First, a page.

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Monday, 11 October 2021

Benedict XV and World War I - Father Ashley Beck - CTS Biographies

Benedict XV & World War I
Fr. Ashley Beck
Catholic Truth Society
ISBN 9781860829000
CTS Booklet B757


Over the last few years I have read over 200 volume from the Catholic Truth Society. I am a huge fan of the Catholic Truth Society’s books and booklets. I have read many volumes from the CTS Great Saints Series, CTS Biographies, and also Saints of the Isles Series. And have loved almost all of them. This one is a little different the booklet code is B757 making it a biography, but it is also tagged as history, but the books on the Concise Histories series are prefaced with an “H”. But no matter how hard it is to classify it is an excellent read, and well worth the read today. It is one of eight volume written by Father Ashley Beck for the Catholic Truth Society and it is the second that I have read. In the acknowledgements we are informed that this book was published on the 90th anniversary of Pope Benedict XV’s ‘Peace Note’ from the summer of 1917. The description of this booklet is:

“Giacomo della Chiesa was elected pope in September 1914, only weeks after the outbreak of the First World War. On the centenary of that tragic development, this booklet examines how he (Benedict XV) and so many others worked courageously to stop the carnage – against all the odds. Arguably now, as then, he remains a dishonoured prophet who yet offers a lasting example to all who seek peace and an end to war. His example is ever more inspiring in this centenary year to a world so troubled with violence, hatred and wars.”

In the introduction to this book was are informed that:

“This booklet is a study of his consistent and outspoken opposition to the war, shown, for example, in one of the least noticed events of the First World War: the publication of the ‘Peace Note’ by the Pope in August 1917 in an effort to bring about a negotiated end to the war.”

And further on that:

“This underrated successor of St Peter and Vicar of Christ was thus a prophet ahead of his time.”

Father Beck does an excellent job of setting the historical context. The events, and the men that was Pope Benedict XV. He was well ahead of the curve on the focus on peace, and that war was changing in ways most devastating. Devastating to the soldiers and to the innocent civilians. We are informed that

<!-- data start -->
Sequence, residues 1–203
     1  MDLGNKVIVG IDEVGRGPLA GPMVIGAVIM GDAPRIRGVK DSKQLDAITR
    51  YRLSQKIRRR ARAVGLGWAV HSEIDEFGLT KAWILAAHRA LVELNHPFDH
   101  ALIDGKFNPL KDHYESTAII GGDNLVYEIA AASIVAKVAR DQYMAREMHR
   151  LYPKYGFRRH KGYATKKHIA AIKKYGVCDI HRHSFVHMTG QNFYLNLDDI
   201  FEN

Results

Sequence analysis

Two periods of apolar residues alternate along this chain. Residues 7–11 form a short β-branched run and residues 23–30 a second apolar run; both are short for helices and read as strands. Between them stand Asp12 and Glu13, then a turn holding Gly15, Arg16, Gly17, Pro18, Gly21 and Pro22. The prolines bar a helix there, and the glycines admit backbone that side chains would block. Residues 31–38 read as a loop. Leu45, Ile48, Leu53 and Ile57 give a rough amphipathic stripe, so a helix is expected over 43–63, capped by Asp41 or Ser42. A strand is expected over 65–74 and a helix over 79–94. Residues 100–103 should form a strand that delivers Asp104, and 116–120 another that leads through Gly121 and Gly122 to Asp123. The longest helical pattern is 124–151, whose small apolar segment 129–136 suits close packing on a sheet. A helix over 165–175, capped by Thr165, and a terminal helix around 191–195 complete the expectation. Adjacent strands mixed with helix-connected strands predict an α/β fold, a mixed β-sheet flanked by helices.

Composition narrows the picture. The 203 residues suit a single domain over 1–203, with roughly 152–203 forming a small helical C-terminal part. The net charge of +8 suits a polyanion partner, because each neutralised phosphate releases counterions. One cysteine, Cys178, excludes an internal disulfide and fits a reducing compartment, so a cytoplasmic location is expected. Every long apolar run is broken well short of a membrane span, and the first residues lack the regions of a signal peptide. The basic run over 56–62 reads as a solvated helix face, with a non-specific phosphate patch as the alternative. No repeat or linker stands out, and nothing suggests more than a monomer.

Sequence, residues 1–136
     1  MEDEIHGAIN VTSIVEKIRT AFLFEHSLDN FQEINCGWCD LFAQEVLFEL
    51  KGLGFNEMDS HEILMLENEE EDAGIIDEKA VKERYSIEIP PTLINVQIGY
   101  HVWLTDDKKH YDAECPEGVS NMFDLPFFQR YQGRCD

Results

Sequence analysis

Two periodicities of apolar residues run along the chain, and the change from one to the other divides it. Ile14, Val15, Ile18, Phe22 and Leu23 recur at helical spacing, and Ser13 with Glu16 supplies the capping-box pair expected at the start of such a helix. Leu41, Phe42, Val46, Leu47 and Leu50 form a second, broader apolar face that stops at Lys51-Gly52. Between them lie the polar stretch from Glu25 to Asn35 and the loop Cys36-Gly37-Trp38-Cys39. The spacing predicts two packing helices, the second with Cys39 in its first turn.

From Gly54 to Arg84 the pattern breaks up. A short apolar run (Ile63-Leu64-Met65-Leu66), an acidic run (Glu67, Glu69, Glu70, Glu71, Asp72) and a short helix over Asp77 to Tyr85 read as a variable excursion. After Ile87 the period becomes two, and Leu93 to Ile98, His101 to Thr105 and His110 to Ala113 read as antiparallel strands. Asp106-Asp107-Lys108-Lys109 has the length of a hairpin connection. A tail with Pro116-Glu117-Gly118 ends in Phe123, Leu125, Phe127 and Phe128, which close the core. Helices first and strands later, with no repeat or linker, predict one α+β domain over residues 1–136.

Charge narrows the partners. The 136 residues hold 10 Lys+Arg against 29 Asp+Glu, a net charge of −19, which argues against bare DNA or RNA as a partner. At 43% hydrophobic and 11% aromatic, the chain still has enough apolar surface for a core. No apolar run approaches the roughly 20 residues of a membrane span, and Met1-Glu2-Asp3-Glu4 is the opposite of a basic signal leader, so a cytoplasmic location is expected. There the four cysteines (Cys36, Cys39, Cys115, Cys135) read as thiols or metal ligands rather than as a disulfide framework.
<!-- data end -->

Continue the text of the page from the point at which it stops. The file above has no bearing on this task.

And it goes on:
“Pope Benedict XV’s urgings in the First World War were the fruits of the “science of peace” (to use the phrase coined many years later by John Paul II) which he learned in his long years in the Secretariate of the State.”

We are told about Benedict XV’s personality that:

“Benedict’s humanity and gentleness (although he was also at times short-tempered) are an important backdrop for his theology of reconciliation and peace.”

From the popes first encyclical he stove to avoid the conflict and once started did all he could to resolve it. 

“For the Pope to begin his pontificate with an encyclical devoted to the war was the clearest possible sign that striving for an end to the carnage would be at the heart of his ministry.”

But his efforts were often misunderstood and open opposed. Often both sides saw him as favouring the other. 

“Not for the last time, combatant countries could not understand that the international character of the Catholic Church cuts across national rivalries and conditions how the Church responds to specific incidents.”

Some of his greatest opposition came from other Catholics. This booklet makes reference to a CTS Volume called A Little Book of Prayers for Peace, It included Benedict’s XV’s prayer for peace and many other prayers from approved sources. (Note I have been trying to track this down but cannot find a copy anywhere.) In regards to Benedict XV’s vision of perception of warfare we are informed that:

“We can see that the development of modern warfare in the twentieth century has had the effect of driving Christian teaching to be more and more negative about war per se – and in this process Benedict’s teaching was clearly pioneering and prophetic.”
 
Even after the war Benedict had a deep concern for those lost on all sides:

“Benedict’s Incruentum Altaris showed that for him, the priority was praying for the souls of dead soldiers in purgatory and offering Masses for them.  How far do we follow this priority?”

This volume concludes with these words:

“A prophet is not primarily one who foretells the future, but one who speaks the Word of God in truth: and the truth about the First World War was not something which those in power in Europe wanted to face.  As we seek to deepen the Church’s theology of peace and help men and women to turn their backs on war and on all that glorifies war, Benedict XV is a great inspiration.”

This book is an excellent read. It is great for those looking into the history, and the development of the doctrine of peace. Benedict was a man ahead of his times, but his messages and concerns are just as relevant today. A great read. And one that leaves me wanting to track down Benedict XV Courageous Prophet of Peace by Father Ashely Beck, which is currently out of print.

Another excellent volume from the Catholic Truth Society. 

Note: This book is part of a series of reviews: 2021 Catholic Reading Plan! For other reviews of books from the Catholic Truth Society click here.

Books by Ashley Beck:
Dorothy Day – CTS Biographies
Benedict XV Courageous Prophet of Peace
Europe's Soul and Her Patron Saints
Oscar Romero: Martyr for Faith
Ronald Knox
Thomas Merton: Contemplative and Peace-maker









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